Maybe so — but be sure you understand what you are getting.
A private letter ruling (PLR) is a written statement by the IRS to a specific taxpayer in response to a written inquiry, which generally requests guidance as to the tax effects of a specific contemplated transaction. Significantly, a PLR is only binding with regard to the requesting taxpayer and may not be cited (officially) as precedent which is in any way binding on IRS. The IRS’ instructions to its people states that PLRs “may not be used as precedents in the dispositions of other cases but may be used as a guide with other research material in formulating an area office position on an issue.” (IRM 188.8.131.52.10)
Although PLRs are technically only binding on the requesting taxpayer, they do reflect the attitude of the Service on given issues, and have been cited by the Supreme Court, and various other levels of the Federal Courts as evidence of IRS’ position on a matter.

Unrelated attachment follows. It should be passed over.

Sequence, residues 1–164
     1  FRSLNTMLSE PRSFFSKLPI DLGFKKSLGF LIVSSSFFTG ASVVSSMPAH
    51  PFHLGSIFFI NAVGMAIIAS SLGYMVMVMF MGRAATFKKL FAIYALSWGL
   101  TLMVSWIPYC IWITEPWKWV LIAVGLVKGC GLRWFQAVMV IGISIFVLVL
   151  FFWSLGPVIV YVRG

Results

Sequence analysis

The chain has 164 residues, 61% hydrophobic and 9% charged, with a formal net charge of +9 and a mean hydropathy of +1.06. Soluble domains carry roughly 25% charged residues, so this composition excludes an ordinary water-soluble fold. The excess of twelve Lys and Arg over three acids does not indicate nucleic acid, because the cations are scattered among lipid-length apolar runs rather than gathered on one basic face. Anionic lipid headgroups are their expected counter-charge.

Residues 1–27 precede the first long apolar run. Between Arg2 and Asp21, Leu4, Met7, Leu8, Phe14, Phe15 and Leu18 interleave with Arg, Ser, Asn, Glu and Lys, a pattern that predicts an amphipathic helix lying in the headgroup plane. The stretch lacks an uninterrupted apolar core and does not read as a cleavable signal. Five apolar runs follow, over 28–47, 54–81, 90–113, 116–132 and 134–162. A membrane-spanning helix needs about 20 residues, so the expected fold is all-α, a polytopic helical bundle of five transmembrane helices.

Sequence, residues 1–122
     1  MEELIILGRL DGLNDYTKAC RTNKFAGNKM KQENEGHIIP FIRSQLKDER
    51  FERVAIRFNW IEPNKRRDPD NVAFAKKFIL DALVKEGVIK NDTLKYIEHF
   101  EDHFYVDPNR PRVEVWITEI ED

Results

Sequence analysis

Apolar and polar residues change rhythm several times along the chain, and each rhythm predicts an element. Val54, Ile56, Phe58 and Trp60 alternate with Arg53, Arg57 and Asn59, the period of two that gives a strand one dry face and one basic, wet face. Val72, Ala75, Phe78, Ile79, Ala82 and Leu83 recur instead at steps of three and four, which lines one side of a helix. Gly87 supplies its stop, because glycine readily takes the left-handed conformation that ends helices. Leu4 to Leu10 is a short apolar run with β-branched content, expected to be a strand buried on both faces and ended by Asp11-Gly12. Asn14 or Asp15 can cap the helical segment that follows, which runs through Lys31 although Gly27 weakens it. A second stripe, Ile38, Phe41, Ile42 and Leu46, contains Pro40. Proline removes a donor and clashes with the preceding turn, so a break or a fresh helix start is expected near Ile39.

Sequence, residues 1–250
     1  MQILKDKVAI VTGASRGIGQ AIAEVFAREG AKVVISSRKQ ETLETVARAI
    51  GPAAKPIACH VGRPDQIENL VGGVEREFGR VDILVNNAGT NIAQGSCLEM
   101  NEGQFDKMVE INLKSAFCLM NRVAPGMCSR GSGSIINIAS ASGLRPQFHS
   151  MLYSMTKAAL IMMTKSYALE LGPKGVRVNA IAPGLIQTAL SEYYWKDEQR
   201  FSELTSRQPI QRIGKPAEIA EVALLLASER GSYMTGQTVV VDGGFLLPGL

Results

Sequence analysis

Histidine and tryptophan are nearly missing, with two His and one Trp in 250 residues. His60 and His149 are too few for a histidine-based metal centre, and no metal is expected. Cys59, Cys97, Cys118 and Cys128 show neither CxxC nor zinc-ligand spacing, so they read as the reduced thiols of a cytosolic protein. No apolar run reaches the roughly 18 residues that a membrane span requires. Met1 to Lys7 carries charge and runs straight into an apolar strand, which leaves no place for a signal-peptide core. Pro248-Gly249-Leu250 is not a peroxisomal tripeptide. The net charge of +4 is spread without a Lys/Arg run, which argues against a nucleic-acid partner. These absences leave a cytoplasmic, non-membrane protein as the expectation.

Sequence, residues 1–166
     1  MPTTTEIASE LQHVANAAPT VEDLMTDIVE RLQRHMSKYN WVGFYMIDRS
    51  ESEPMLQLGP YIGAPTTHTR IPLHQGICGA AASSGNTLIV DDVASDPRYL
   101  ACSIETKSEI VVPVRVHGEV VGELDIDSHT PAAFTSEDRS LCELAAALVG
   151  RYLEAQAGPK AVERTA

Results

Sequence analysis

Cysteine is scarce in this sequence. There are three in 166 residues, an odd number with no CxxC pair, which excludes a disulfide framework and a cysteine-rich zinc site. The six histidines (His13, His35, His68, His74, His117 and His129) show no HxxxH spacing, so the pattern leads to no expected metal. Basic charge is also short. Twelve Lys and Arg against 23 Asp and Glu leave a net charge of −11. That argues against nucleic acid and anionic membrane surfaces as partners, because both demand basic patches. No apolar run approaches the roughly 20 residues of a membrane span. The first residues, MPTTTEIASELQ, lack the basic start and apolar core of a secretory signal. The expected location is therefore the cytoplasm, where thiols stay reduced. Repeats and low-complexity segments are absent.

Contrast the PLR with a technical advice memorandum, or TAM issued by IRS. These documents are issued by the IRS national office, generally at the request of the IRS Appeals Division, though taxpayers can request that the examining or appeals officer (in a tax audit situation) seek technical advice on an issue.
TAMs are not precedent that is binding on IRS, but some courts have likewise cited them as supporting a taxpayer’s position and revealing IRS’ interpretation of the law. (Buckeye Power Inc. v. U.S., 1997, Ct Fed Cl 79 AFTR 2d 97-2794)